Short-Term Impacts of COVID-19 Precautions on Unemployment in NUTS-3 Regions of Turkey

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Erciyes Akademi, vol.35, no.3, pp.1116-1131, 2021 (Peer-Reviewed Journal)

  • Publication Type: Article / Article
  • Volume: 35 Issue: 3
  • Publication Date: 2021
  • Doi Number: 10.48070/erciyesakademi.946717
  • Journal Name: Erciyes Akademi
  • Journal Indexes: Index Copernicus
  • Page Numbers: pp.1116-1131
  • Erciyes University Affiliated: Yes


This study examines the short-term effects of the COVID-19 pandemic on unemployment in Turkey. The data
used in this study are from monthly insured bulletins of the Social Security Institution (SSI) of Turkey. The
number of active insured employees in NUTS-3 regions of Turkey was analyzed in three periods: (1) in
December 2019, when the first official case of COVID-19 was announced in the world, (2) in March 2020, when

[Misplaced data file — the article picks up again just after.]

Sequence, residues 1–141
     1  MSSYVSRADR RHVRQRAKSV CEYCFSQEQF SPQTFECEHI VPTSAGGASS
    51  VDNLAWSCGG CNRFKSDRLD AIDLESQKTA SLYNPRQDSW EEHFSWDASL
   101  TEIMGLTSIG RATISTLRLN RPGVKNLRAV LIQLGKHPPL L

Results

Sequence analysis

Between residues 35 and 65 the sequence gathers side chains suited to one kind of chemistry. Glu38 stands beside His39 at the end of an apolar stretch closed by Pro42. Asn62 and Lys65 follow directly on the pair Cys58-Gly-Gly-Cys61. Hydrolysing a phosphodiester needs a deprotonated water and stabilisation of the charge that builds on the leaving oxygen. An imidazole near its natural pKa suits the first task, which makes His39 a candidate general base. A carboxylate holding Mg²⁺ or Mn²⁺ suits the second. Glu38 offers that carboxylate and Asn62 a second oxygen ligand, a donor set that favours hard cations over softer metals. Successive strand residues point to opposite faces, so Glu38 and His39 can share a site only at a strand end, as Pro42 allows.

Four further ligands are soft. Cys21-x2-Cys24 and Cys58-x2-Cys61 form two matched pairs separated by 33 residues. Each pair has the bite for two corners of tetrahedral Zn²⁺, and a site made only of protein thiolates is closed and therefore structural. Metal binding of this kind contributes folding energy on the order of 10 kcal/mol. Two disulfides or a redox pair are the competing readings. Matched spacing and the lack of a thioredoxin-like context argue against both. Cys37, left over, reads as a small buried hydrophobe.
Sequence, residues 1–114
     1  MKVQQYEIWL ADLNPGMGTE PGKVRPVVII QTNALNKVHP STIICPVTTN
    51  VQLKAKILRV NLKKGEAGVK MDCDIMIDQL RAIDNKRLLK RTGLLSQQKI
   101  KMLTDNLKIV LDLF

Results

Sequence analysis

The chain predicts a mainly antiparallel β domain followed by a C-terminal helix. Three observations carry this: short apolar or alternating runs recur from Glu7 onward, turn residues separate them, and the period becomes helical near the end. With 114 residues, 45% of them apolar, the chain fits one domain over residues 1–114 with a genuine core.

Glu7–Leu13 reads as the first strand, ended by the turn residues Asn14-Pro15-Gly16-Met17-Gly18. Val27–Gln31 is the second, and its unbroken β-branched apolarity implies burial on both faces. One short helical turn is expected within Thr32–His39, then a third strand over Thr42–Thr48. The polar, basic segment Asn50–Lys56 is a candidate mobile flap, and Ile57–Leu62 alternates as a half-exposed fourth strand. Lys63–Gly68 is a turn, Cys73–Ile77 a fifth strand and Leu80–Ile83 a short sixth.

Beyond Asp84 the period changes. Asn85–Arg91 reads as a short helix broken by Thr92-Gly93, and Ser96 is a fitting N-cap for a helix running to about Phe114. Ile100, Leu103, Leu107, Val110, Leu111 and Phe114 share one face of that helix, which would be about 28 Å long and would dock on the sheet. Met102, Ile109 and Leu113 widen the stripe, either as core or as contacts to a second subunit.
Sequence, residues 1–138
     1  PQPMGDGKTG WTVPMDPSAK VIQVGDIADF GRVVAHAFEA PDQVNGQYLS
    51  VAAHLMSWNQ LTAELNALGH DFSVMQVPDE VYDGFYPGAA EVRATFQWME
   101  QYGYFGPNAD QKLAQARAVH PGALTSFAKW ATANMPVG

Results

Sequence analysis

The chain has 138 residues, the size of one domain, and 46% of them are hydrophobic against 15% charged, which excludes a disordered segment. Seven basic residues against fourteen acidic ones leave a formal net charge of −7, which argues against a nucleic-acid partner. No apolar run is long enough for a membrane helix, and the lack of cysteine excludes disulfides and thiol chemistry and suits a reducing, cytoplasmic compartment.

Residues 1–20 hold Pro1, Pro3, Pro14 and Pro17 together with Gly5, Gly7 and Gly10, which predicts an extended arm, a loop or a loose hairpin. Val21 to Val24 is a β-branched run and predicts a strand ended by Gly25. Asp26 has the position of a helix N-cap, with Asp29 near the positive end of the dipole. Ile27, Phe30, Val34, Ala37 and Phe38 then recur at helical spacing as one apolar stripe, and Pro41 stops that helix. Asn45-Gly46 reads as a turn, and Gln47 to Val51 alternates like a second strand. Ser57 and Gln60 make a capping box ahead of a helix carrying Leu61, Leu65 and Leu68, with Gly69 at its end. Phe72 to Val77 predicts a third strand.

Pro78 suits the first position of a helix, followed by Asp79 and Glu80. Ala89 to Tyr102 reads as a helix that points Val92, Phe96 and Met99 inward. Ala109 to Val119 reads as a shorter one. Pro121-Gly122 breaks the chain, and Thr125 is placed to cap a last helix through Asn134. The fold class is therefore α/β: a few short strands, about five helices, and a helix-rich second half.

the first official case of COVID-19 was reported in Turkey, and (3) at the end of May 2020, when the
normalization period was declared in Turkey. Both increases and decreases in employment in these three
periods were examined in percentage. This study finds that employment increased by 9.024 from December
2019 to March 2020. However, the number of active insured employees decreased by 657,417 from March to
May 2020 due to the pandemic measures implemented after the first case of COVID-19 was detected in Turkey.
After the normalization period was declared in May 2020, the number of active insured employees increased
by 529,249 within one month. This illustrates the negative effects of the COVID-19 measures on employment.
Metropolitan cities are more affected by the COVID-19 pandemic due to their different sectorial structures,
their significant economic relations with other cities and the world, and the more stringent COVID-19
measures in these cities than other provinces by covering weekends, which led to higher unemployment in
metropolitan cities. Another important result of this study is that the COVID-19 measures had negative effects
on employment in urban economies, and if these short-term effects continue in the long term, the negative
effects will be greater in urban economies. Therefore, this study concludes that urban economies cannot
sustain these COVID-19 measures any longer.